We are greeted on another Monday morning with risk aversion following yet another missile launch from North Korea. USDJPY, the traditional safe haven play saw the trading week open with a gap lower from Friday’s close by almost .8%, while gold also rallied in opening trade. Major indices have traded lower, with Asian markets in the red overnight and European stocks opening the morning weaker, while futures are pointing to a weaker US open as well.
Friday itself was a mixed day. The USD managed to trade slightly firmer despite a weaker NFP print, including weaker unemployment figures wage growth. The trifecta of data misses failed to dent USD demand and the greenback quickly recovered from initial selling while stocks closed the weak higher. The big focus this week will be on central bank action and there’s plenty to tickle our fancy, the main event will be Thursday’s ECB meeting but ahead of that we have the RBA tomorrow and the BOC on Wednesday.
The USD shook off the weaker data from Fridays Non-Farm payroll report, we had pointed out the headline figure would unlikely shift USD bias unless outside of the 150k to 210k range. The USD quickly found sellers on the headline reading but that recovered throughout the day and the dollar closed the day trading higher. What did cause some concerns was the weaker wage growth and higher unemployment figure but neither was weak enough to rock the greenback and stronger than expected manufacturing data helped boost sentiment into the afternoon. It is a US holiday today so we’d expected a quiet afternoon but looking at major pairs with USD we see EURUSD finding support around 1.1815/20 area. 1.1985 should hold moves higher for now and see some Euro sellers re-emerge, while a break below 1.1815 should see next support towards 1.1760. GBPUSD is locked in a slight cleaner range, 1.2775 up to 1.3000, and area we’re traded in for almost a month.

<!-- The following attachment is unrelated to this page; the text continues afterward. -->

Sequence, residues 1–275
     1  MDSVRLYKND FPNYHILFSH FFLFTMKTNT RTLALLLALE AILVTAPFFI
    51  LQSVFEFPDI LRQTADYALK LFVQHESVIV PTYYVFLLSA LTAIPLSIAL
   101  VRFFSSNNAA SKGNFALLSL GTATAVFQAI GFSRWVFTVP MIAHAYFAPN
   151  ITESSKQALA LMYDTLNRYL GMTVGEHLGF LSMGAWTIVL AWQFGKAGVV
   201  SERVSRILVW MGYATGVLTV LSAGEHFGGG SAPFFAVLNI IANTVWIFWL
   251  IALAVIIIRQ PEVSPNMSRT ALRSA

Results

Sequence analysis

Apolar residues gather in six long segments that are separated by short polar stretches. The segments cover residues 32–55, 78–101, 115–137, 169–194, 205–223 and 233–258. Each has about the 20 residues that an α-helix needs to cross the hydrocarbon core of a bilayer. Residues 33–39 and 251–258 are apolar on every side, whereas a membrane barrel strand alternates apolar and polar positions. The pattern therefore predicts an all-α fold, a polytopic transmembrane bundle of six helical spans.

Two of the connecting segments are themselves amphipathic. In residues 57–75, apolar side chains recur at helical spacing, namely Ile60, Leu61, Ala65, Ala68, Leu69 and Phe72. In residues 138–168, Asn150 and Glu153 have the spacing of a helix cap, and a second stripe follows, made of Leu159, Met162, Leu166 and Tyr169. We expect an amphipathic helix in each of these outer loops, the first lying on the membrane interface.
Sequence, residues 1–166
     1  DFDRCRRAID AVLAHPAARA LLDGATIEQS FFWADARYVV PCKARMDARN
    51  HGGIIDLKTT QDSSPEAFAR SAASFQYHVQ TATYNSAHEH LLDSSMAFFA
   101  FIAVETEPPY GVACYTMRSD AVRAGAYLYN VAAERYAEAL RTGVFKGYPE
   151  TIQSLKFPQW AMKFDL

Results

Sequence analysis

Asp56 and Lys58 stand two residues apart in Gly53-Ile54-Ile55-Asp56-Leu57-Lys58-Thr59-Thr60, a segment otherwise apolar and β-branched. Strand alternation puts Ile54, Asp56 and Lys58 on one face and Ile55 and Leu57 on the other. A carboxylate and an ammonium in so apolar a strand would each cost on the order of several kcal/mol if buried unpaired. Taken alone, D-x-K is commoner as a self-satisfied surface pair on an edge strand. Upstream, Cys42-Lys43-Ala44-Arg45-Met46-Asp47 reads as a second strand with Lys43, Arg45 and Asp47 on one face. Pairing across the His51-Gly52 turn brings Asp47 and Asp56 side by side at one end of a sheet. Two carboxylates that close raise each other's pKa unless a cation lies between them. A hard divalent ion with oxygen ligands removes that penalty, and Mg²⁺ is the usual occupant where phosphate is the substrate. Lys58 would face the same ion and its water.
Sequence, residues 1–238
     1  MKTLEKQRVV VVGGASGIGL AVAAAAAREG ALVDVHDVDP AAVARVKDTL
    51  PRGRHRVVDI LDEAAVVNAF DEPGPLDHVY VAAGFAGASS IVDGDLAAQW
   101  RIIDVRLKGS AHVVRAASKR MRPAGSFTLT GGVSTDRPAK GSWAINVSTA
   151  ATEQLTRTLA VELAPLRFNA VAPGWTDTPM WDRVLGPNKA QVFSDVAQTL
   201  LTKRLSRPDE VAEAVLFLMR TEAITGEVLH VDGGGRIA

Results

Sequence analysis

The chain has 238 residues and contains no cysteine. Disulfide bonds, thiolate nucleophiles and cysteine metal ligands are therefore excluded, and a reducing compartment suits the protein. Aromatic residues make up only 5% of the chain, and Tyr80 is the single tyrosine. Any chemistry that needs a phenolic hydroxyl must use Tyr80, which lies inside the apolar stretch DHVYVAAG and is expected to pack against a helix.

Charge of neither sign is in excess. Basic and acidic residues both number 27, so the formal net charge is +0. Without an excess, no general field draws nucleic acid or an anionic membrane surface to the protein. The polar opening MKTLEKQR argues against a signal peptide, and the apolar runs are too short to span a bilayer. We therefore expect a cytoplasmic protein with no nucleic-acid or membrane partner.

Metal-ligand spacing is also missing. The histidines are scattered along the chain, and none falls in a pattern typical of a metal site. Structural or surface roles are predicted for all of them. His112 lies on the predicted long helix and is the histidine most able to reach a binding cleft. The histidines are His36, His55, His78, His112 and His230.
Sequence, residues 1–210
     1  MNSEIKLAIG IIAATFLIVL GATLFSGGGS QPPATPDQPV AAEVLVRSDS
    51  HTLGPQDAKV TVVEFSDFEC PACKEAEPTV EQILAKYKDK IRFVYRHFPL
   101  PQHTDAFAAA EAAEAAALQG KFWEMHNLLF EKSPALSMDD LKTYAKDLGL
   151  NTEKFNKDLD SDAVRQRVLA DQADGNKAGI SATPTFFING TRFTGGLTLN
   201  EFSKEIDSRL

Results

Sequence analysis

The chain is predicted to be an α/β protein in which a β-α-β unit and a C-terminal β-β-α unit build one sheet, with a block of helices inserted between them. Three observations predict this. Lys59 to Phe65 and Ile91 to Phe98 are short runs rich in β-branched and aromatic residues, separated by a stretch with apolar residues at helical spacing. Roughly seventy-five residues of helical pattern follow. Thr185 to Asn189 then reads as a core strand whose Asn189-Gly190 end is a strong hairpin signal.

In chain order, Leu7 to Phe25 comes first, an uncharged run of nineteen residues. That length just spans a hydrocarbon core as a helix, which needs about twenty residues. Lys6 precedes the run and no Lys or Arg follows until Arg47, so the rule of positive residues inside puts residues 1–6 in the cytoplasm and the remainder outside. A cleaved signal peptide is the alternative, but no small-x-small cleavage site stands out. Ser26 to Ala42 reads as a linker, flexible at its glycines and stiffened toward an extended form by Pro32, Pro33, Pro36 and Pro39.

It’s a quiet day on the economic calendar so not expecting too much action driven by the usual fundamentals today. We’ll be watching North Korean developments closely, the general reaction has tended to be risk off and negative for the early morning and as world leaders unite in their consternation of North Korean actions. There are some strong words spoken, before things calm down and the worst case fear of nuclear war subsides, markets will then return to normal. However this cannot go on indefinitely and while we’d expect a recovery in risk through the week, the threat of retaliation or larger actions against North Korea pose a real market risk the longer this goes on.